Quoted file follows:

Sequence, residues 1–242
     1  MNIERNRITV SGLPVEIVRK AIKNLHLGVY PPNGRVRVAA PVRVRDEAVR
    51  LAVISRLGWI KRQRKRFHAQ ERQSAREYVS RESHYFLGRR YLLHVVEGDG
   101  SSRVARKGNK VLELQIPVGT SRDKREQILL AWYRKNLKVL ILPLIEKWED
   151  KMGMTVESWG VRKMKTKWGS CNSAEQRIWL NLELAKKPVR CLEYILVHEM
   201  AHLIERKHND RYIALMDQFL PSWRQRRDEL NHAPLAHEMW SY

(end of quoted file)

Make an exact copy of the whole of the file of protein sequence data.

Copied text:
Sequence, residues 1–242
     1  MNIERNRITV SGLPVEIVRK AIKNLHLGVY PPNGRVRVAA PVRVRDEAVR
    51  LAVISRLGWI KRQRKRFHAQ ERQSAREYVS RESHYFLGRR YLLHVVEGDG
   101  SSRVARKGNK VLELQIPVGT SRDKREQILL AWYRKNLKVL ILPLIEKWED
   151  KMGMTVESWG VRKMKTKWGS CNSAEQRIWL NLELAKKPVR CLEYILVHEM
   201  AHLIERKHND RYIALMDQFL PSWRQRRDEL NHAPLAHEMW SY